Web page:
Token authentication with "Azure Verizon Premium CDN"

This walkthrough demonstrates how to use "Azure CDN Premium from Verizon" in front of a private blob storage container as origin.


In this system, the client's browser should securely access an asset stored in a private container in blob storage, via CDN. Secure in this context means that access to the cached asset in CDN should only be granted to authorized clients, and access from the CDN to the origin should be authenticated as well. The term 'origin' usually refers to the service 'behind' the CDN, in our case an Azure Storage Account.
To implement this, the client signs in 'somehow' to the web application, using whatever is in place (step 1 below). The web application generates a 'CDN auth token', and tells the browser to fetch the asset from CDN (step 2 below). That CDN URL contains the CDN auth token in the URL's query string. The CDN endpoint (strictly speaking the CDN's point of presence (PoP) or edge node) validates the CDN auth token, and (when allowed) either serves the cached copy of the asset, or fetches the contents from the origin (step 3 below).

Create a storage account

  • Config
    • Storage account name: cdnorigi
    • Force HTTPS
    • Enable storage account keys

Create a private container named cdnfiles

  • Inside the container, create an "Stored access policy"
    • Policy identifier: cdn
    • Permissions: [Read]
    • Start time: Yesterday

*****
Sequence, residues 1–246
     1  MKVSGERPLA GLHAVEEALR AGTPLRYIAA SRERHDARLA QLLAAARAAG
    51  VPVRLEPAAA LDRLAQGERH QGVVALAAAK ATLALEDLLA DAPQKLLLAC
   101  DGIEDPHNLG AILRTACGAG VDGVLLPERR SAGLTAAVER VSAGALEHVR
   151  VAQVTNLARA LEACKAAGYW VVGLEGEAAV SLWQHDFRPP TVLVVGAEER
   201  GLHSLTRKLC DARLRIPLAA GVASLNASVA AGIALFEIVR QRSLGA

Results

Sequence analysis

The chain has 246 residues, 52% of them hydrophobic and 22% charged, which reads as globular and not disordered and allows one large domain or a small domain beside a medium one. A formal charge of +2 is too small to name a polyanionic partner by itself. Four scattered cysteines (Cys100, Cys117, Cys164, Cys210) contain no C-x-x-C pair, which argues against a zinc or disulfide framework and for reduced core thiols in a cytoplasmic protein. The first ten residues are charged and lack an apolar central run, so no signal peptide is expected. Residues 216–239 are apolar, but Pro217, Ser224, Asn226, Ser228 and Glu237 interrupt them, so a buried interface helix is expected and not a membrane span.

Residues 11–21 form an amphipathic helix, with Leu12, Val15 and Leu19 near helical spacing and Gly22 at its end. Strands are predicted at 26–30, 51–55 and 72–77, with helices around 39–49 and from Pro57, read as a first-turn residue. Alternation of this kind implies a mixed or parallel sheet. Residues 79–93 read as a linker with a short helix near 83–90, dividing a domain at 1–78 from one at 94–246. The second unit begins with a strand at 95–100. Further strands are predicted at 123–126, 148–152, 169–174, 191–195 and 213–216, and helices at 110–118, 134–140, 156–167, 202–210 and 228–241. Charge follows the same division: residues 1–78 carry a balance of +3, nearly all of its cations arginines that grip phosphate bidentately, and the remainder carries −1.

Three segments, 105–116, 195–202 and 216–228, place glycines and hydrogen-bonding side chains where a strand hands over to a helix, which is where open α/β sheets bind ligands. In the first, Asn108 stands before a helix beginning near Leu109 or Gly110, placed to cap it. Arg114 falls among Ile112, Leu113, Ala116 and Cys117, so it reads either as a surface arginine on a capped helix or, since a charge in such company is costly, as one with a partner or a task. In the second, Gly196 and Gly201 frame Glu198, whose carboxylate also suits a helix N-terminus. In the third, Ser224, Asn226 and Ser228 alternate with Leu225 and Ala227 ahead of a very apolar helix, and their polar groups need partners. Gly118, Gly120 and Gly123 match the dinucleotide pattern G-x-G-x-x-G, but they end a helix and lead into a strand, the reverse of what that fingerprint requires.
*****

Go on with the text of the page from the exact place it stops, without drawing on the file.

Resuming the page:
• Expiry time: Something far in the future
  • After creating the policy, go the the container's "Shared access tokens" tab
    • Signing key: Key 1 or Key 2
    • Stored access policy == cdn
    • Click "Generate SAS token and URL"
      • The Blob SAS token looks like this: si=cdn&spr=https&sv=2021-06-08&sr=c&sig=Eod7p4YFtfp2rQX2OWT9ZJbNogCNa3Y%2FoH7O82%2F4UdI%3D
      • The Blob SAS URL looks like
  • Upload a sample file to the container
    • After uploading the file, check that the SAS actually works, by putting the filename into the middle of the SAS URL, such as

Create a new "Front Door and CDN profiles" offer via the Azure Portal

  • Select "Explore other offerings" (instead of the default "Azure Front Door")
  • In "Choose other offerings", pick "Azure CDN Premium from Verizon"
  • In Profile Details
    • Name: cdnchgeuer
    • Region: Global, Pricing Tier: Premium Verizon
  • Tick the "Create a new CDN endpoint" box
    • CDN Endpoint name: cdnchgeuer20230119